When I travel, I inevitably find myself imagining what it would be like to live in the place I am visiting. I tend to walk in residential neighborhoods, rather than just frequenting museums and tourist destinations. "If I were to live on this pretty street, I could walk to this park and stop for coffee at that shop. I would bring my drycleaning there and pick up produce at that green grocer. Those children might be my neighbors."

What I really long to do, of course, is walk into backyards, talk with neighbors. But that's generally a good way to get shot, or at least arrested. 

Not in Buffalo, especially not during the last weekend in July. This is when we get to see what lies behind the façade of the streets we drive down all the time. During Garden Walk Buffalo, it's not just legal to walk into literally hundreds of backyards, it's actually encouraged. The homeowners may even be there to greet you, sometimes with cold water or iced tea. And when you see what your neighbors have done with these private spaces, you will be amazed.

Even if you can't tell the difference between a peonie and a pansy, if you're the least bit voyeuristic, if you're at all curious about the private spaces that you can't see from the street, you should be enjoying Garden Season in Buffalo. More than 1,000 gardens on 20 garden tours are part of Gardens Buffalo Niagara this year. There are night tours, market places, historic homes, plant sales, bus tours, author events, and more. Nearly all the walks and tours are free.

But this is THE peak weekend to peek into backyards and soak in unique, Buffalo-style gardens. Garden Walk Buffalo stretches from the gorgeous Test Gardens at Erie Basin Marina to the soothing Japanese Garden in the shadow of the History Museum in Delaware Park, and from thriving nurseries on Grant Street all the way over to Main Street. You would have to go to 14.6 gardens per minute on both Saturday and Sunday between 10:00am and 4:00pm to see all 400+ participating gardens (download the free map, or pick one up at any of the headquarters or sponsors), so wise gardenwalkers will choose a few of the dozen neighborhoods that are flourishing with the help of this property-value and civic pride-enhancing event, and hop on the free trolleys to cover more ground.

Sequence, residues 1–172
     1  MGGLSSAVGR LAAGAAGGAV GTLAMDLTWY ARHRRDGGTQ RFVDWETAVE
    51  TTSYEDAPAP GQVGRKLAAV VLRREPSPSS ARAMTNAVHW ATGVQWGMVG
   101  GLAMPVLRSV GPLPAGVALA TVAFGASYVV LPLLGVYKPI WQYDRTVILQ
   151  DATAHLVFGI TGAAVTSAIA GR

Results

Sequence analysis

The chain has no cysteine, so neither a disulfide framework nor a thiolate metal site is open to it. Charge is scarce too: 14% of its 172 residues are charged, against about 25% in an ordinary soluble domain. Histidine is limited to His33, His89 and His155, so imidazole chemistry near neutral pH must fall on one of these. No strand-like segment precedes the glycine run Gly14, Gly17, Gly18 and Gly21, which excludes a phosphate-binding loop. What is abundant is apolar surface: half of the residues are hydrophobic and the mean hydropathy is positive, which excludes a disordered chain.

Plan your route on Saturday to end up on Symphony Circle for the Tower Garden Party at First Presbyterian Church. There you will find Dixieland, swing and jazz, as well light summer fare and a special Tower Garden Pilsner brewed especially for this event. All proceeds benefit One Symphony Circle and the restoration of this important, E.B. Green-designed building.

As you trek from garden to garden, there are some special extra-curriculars to watch for. For instance, there will be a free "Garden Paint-Out" in the community garden at the corner of Vermont and 17th Street, hosted by the Buffalo Society of Artists. If you're of a mind to learn more about how these gardens came about, about who lives in these remarkable houses and has spent the time and made the effort to create such amazing spaces, look for those funny, squiggly QR codes on Garden Walk Buffalo signs as you walk, and click to read Garden Walk: Building Stories, a collaboration between the Buffalo Architecture Foundation and Garden Walk Buffalo

You will be inspired. And, if you peek into enough backyard oases with koi ponds and waterfalls and miniature golf courses, with roof gardens and lily ponds, you will be tired. But it will have been worthwhile to see so many fabulous gardens hiding in plain sight, right under your nose. 

And yes, there really is a nationally recognized "Buffalo-style" of gardening. Buffalo gardeners are known for using small urban spaces cleverly, and tucking art and found objects among the blooms and blossoms. Buffalo has become a garden tourism destination, bringing tens of thousands of visitors into our fair city and generating scads of great press.

What started as a handful of avid gardners beautifying the city's struggling West Side will attract as many as 65,000 visitors from across the nation and around the world to Buffalo this weekend. It will pump millions of dollars into our local economy, and can be legitimally credited with being an integral part of Buffalo's resurgence, beating back the year-round snow mythology with brilliant blooms.
And you and I can smell the roses which others have tended all summer long. For free.